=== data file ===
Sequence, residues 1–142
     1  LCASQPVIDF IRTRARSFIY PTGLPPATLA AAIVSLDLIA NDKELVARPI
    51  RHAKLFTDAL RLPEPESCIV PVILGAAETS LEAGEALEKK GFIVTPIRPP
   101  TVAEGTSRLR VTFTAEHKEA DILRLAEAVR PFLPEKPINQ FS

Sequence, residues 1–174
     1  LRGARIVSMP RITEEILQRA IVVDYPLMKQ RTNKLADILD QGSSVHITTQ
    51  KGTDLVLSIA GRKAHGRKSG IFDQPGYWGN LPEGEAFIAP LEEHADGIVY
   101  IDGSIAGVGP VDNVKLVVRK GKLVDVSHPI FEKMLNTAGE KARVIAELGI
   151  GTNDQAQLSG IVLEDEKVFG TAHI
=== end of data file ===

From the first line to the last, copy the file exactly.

Sequence, residues 1–142
     1  LCASQPVIDF IRTRARSFIY PTGLPPATLA AAIVSLDLIA NDKELVARPI
    51  RHAKLFTDAL RLPEPESCIV PVILGAAETS LEAGEALEKK GFIVTPIRPP
   101  TVAEGTSRLR VTFTAEHKEA DILRLAEAVR PFLPEKPINQ FS

Sequence, residues 1–174
     1  LRGARIVSMP RITEEILQRA IVVDYPLMKQ RTNKLADILD QGSSVHITTQ
    51  KGTDLVLSIA GRKAHGRKSG IFDQPGYWGN LPEGEAFIAP LEEHADGIVY
   101  IDGSIAGVGP VDNVKLVVRK GKLVDVSHPI FEKMLNTAGE KARVIAELGI
   151  GTNDQAQLSG IVLEDEKVFG TAHI